So I’ve been using Google’s new social network, Google+, for about a week now. And since everyone else on the internet seems to be spouting their opinions on it, I figure I’ll add to the conversation with my opinions.
First of all, you might be wondering, “What the heck is Google+?” Well, the easiest way I’ve found to explain it to non-techies is that it’s sort of like Facebook, but different. (Here’s a quick infographic that is not 100% accurate, but is close enough, to describe the difference between the two platforms.) It’s a means to share thoughts, photos, links, etc. with family and friends. It’s also still in a beta version, with limited openings to join. They keep opening invitations and then shutting them down again so they can manage the growth of the system. They also keep changing little things as they get feedback from their limited band of users – apparently they’re very open to feedback right now. So here are some of my thoughts on Google+ and its features.
- Circles: Circles are a way that Google+ has devised of organizing your contacts. There are a few pre-established circles – things like Friends, Family, Acquaintances, etc. – and you can create your own circles as well. Every time you post something, you can very easily control who has access to see it. You can share with just one circle, or several, or all of your circles, or extended circles (all of your circles’ circles), or the public, and one person can be in as many circles as you want to put them in (and they don’t know where you’ve put them – Google+ just tells them that you added them to a circle, not what circles you added them to). For example, I created a circle for my contacts who live in my area. So if I have a question about a place to go eat in town, or the best place to picnic, or something like that, I can ask that question just of people in my area without bothering my friends across the country. Or if I have some personal information or photos that I want to share with friends and family but not acquaintances or clients, I can do that. Facebook can do this as well, through the use of their lists feature, but the lists are much more cumbersome to manage. Google+ integrates this very easily and intuitively.
- Sparks: This is sort of a recommendations page. You put in your interests and it recommends recent links and such on those interests. I guess this might be entertaining when you’re bored and looking to read some things you’re interested in, or looking for blogs to add to your RSS reader, but generally speaking, I think this is kind of blah. A little toy rather than a major feature.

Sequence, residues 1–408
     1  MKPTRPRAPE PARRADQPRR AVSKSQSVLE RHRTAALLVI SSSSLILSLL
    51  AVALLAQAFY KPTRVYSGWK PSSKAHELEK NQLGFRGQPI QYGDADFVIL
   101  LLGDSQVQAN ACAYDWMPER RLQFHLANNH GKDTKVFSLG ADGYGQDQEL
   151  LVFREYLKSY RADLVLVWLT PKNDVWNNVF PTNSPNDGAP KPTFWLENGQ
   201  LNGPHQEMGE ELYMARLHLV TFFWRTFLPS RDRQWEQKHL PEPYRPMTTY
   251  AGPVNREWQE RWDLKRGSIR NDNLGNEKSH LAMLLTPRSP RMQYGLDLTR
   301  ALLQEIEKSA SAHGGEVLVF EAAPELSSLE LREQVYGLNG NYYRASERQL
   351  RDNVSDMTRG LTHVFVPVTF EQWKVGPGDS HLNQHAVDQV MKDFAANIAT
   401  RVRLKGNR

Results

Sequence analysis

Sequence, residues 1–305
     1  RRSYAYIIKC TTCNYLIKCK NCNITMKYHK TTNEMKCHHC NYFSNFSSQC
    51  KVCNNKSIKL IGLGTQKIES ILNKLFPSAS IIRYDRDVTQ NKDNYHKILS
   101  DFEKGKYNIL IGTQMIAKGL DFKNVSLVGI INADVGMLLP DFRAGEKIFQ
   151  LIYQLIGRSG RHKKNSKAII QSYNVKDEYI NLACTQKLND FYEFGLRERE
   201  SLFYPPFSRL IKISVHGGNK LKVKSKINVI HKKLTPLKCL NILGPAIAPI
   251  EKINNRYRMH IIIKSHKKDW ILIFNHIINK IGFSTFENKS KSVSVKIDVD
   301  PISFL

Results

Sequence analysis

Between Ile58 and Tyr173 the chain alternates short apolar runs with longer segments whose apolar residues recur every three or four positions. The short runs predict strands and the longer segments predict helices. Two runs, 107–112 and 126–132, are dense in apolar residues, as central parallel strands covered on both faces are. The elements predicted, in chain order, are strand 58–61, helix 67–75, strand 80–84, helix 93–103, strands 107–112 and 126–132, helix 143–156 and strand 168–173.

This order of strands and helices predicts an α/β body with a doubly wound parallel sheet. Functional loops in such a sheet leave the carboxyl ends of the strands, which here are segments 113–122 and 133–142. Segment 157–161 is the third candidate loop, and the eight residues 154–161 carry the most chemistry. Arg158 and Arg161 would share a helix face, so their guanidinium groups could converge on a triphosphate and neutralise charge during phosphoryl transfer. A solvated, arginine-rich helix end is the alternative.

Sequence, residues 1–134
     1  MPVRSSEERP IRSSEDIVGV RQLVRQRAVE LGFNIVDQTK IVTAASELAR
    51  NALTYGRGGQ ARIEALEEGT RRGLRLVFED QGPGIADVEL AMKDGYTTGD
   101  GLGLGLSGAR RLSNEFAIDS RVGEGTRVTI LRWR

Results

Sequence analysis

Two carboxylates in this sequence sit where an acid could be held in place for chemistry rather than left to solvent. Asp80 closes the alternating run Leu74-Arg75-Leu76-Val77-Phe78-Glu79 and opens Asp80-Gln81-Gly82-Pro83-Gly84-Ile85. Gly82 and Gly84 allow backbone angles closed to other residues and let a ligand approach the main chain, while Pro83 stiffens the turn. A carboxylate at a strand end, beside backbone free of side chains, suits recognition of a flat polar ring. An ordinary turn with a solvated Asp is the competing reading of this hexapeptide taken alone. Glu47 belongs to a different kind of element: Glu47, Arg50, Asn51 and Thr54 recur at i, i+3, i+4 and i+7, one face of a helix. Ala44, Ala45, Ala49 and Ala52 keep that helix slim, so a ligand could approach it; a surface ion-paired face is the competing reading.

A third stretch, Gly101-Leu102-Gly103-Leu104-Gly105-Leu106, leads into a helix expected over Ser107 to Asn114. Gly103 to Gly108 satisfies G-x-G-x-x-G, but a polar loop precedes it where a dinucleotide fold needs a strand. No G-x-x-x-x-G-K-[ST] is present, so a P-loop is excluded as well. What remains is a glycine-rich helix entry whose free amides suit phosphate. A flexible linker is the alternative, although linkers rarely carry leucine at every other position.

- Hangouts and chats: Hangouts are kind of a group video chat feature, from what I can tell – I haven’t participated in one, so I’m not entirely sure how they work exactly, but that’s what I understand. And chat is…well, it’s a chat feature. Maybe integrated with the existing Google chat? I’m not sure. Like I said, I haven’t used these much, and Facebook does have comparable features (though I don’t think FB can do a group chat).
- +1: If you’ve searched on Google recently, you’ve probably noticed a colorful little +1 symbol next to the links in the search results. This is Google’s version of the Facebook Like button, and I imagine that very soon, you will see this all over the internet like you do with the Like button now. I don’t believe that, as of this moment, it appears in your feed when you +1 something. Instead, it appears on your Google profile under the +1’s tab. I imagine this might be something that changes to appear in your feed; that would make more sense that hiding it in a tab on someone’s profile.
- Integration: This is the one area where I think Google+ has a whole, whole lot of growing to do. And I imagine they are probably already working on some of these things, but since they don’t actually exist yet, I’m going to lay out the things I think they should be doing. For one thing, some of us like this idea so much because we already use Google services for almost everything: Gmail, Google Calendar, Google Groups, Google Docs, Google Reader, etc. If I create a Google Calendar event, I should be able to invite people by sharing it with my Google+ circles and contacts. Google Groups should absolutely be integrated so that an invited group of people can share though thoughts and links and documents with a pre-specified group of people – it won’t be dependent on whether or not everyone in the group has the exact same list of people in their circle for that group. Share a document with a particular circle through Google Docs. Share a link to your Google+ feed directly from your Google Reader. All of these products should work interchangeably with one another, with Google+ as their center.
- Why it’s NOT Facebook: The Good: none of the stupid games and apps and quizzes; none of the ads (though I can imagine that might change since we know Google is not opposed to targeted advertising); better privacy terms and conditions (though some folks think “better” is still not good enough – there was a post about this on MSNBC earlier today, but now the link doesn’t work for some reason). The Bad: no business or organization profiles as of yet (though Google has indicated this will change); getting your friends and families to leave Facebook and come over to Google+, which I think is the biggest obstacle of all that Google has to face. It’s too similar to Facebook for people to want to belong to both, and if it’s not that different, a lot of non-techies are not going to be all that interested in switching without some kind of greater incentive.
I personally love how clean the Google+ interface is. I see the room for growth, and I see the major obstacle of getting people to switch over from Facebook. For now, I’ll be on both because I’m just that kind of nerd.